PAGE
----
How many times have you heard the Twenty-Third Psalm? I probably have heard it several hundred times in my life, but I never really heard it until the day of my father’s funeral. Standing in the cold, damp cemetery that January day, a few days into the new millennium in which no planes fell out of the sky as so direly predicted, the rabbi’s words began to defrost my terrified and frozen heart. Touched deeply, I nevertheless filed the words away and continued slogging alone on my path, forcing myself onward. Six years later, standing in the same spot at my mother’s funeral, the same words again found my heart. This time, however, they took root; they landed.
Returning home after my mother’s funeral, I felt upended, lost in space. Although my mom lived a long life and we had no unresolved issues, losing her everything changed. Even walking felt new, different, unknown. As I prepared to return to work, a twelve-minute drive from my house, I felt overwhelmed. Driving that first day after the funeral, alone at sea, the Twenty-third Psalm was somehow there for me in the car: “The Lord is my shepherd….”. It repeated itself in a loop in my heart, in my head, between home and office, for those twelve minutes of driving. And for those first empty, disorientating months, walking on the earth without my mom’s footsteps also walking, this prayer carried me forward. During my commute, it repeated itself over and over. It carried me forward, into this mother-free world. Then one day, months later, the prayer was gone, the words no longer needed. The immediacy of grieving shifted, yet another layer of letting go was requested of me.
Since then, these eleven years (good news/bad news: life goes on), this prayer has traveled with me, in walking, in sitting, in praying, sometimes more distinct and louder, sometimes more a whisper, at other times, a hushed background. Sometime in its entirety, sometime a word or phrase, this prayer, these mere fifteen lines, have offered me a flashlight, a beacon, guiding my way home, outside home and inside home.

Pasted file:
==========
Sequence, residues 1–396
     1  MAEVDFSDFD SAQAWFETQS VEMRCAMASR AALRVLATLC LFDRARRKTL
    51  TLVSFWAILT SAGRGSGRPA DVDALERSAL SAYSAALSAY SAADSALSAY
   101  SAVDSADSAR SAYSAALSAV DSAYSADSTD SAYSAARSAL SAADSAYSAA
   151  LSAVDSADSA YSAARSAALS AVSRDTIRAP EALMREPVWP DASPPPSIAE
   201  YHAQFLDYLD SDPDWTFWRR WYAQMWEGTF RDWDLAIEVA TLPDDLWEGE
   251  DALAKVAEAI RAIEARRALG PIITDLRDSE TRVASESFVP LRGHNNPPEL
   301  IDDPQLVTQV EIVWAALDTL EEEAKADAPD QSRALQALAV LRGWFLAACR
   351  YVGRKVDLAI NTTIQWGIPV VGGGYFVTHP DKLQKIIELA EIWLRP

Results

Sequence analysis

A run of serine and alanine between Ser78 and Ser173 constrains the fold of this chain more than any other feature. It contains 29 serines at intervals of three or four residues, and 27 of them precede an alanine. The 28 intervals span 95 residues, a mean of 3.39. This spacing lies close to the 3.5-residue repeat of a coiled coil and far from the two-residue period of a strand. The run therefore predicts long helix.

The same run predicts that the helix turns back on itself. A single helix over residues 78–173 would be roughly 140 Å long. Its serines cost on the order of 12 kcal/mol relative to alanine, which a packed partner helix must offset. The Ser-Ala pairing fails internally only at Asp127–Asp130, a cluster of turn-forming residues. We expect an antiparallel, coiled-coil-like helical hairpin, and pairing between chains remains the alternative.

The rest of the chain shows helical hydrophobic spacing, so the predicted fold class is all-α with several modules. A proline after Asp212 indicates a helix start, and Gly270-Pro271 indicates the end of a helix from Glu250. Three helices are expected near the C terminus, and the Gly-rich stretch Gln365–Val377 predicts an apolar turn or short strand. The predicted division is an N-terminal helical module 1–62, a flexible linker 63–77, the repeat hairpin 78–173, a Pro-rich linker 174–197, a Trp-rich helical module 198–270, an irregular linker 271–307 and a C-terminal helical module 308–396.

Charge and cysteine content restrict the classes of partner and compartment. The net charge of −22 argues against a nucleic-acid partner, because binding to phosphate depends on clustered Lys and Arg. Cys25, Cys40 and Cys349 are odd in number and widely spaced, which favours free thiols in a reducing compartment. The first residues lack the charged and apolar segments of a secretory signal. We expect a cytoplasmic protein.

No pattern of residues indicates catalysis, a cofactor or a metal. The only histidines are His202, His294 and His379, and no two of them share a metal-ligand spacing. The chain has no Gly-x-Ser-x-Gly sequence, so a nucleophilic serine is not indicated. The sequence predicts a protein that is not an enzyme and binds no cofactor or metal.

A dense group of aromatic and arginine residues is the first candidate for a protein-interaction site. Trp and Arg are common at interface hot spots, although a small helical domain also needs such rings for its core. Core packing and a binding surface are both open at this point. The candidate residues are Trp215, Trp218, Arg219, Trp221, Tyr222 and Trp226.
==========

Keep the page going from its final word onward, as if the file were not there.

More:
Here is a profoundly unorthodox, simplistic explanation of several major lines of the psalm, researched through my life. (Keep reading—there’s a great Bobby McFerrin link lower in this post.)
“The Lord is my shepherd.”
Shepherd? Why would I need a shepherd in 2017? I have a Prius. I have an iPhone. I have a GPS. My schedule is consistent-enough; I know where to be and how to get there. Or do I?
Shepherd– one who ushers, steers, leads, escorts, guides
To imagine that there is something else with us, something else accompanying us along the path—an energy, a spirit, a supportive flow. You decide what to call or— call it nothing. No matter what is happening, and quite a shitload of life happens, what would it be like to imagine there is a guide, to usher us onward? Even if I can’t feel this, its concept is deeply comforting.
“I shall not want.”
I shall not want? What? Really? You are speaking to the queen of the hungry ghosts, to use the phrase of Gabor Mate, the Canadian addictions expert. Even the hungry ghosts of caffeine haunt me; once welcomed in, they taunt me with the mantra of “more”, the doorway to endless wanting and aggressive denial of the moment. I shall not want. This is a promise, a pledge, a possibility, that I choose to sign up for, one day at a time.
“He restores my soul.”
No matter the crisis de jour, no matter the newest tweet from the Tweeter-in-Chief, no matter the face of the struggle, always, as I outlive the feelings, I am restored—to what? To balance? Maybe. To harmony? Perhaps. To equilibrium. Yes.
“And I shall dwell in the house of Grace forever.”
No matter what. There is always Grace. What if this was true? How might our lives be different?
Enough for now. A mid-October-cold is making its way into my sinuses. For no particular reason, I am heavy-hearted; yet my cup overflows. I will continue to practice.
Here is a stunning Bobby McFarrin rendition of the 23rd Psalm. Let me know how this lands for you.
May we find our way, one step at a time.
May we imagine the best unfolding, no matter the tweet.
May we breathe and relax into the journey.
And when we can’t, may we accept ourselves as we are.
May we relax into the arms of practice. .
*title from The Twenty-Third Psalm